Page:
Study finds stun guns used by police affect brain function

     A new study finds that stun guns affect brain function for about an hour after the 50,000-volt shock is administered. (AP file photo)

    A new study finds that stun guns affect brain function for about an hour after the 50,000-volt shock is administered. (AP file photo)

    A new study finds that stun guns affect brain function for about an hour after the 50,000-volt shock is administered.

    Thousands of police departments use stun guns as a nonlethal alternative during altercations with suspects, but the shock could affect a suspect’s ability to understand — or waive — their Miranda rights or participate in an interrogation.

    For the study, 142 college students volunteered to be shocked by off-duty police officers.

    Researchers found significant decline in their cognitive function. Robert Kane,  who heads Drexel University’s Criminology and Justice Studies Department, was one of the authors for this study.

    “Their cognitive functioning declined such that they began to resemble 78-year-old males with mild cognitive impairment,” he explained.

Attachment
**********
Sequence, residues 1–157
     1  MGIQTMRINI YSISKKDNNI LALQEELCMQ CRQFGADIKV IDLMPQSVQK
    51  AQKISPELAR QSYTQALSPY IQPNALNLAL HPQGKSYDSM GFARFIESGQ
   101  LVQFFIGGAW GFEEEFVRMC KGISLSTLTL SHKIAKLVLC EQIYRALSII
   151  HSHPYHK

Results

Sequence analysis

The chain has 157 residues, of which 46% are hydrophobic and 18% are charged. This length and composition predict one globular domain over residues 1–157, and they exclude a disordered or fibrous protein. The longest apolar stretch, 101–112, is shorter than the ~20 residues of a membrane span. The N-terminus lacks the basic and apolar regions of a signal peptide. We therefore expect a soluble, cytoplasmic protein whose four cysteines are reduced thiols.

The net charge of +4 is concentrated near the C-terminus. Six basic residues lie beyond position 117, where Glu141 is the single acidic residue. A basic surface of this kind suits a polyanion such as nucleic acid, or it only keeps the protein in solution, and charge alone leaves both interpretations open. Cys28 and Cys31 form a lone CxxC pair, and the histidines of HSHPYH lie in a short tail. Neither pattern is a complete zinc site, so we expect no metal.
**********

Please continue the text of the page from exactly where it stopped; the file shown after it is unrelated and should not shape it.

Kane said it is not yet clear whether brain function drops because of the shock or pain caused by the stun gun, or as a result of the electric shock.

    “We tested our participants, right after they were tased, then after an hour, and a week later. On average, for almost everybody involved, the effects lasted an hour,” he said.

    This is the first study of its kind.

    Kane said that the findings could lead to a broader conversation about the impact of stun guns on  brain function. In some cases, he said, police officers could consider waiting for about an hour before engaging a suspect who had been subjected to a stun gun.

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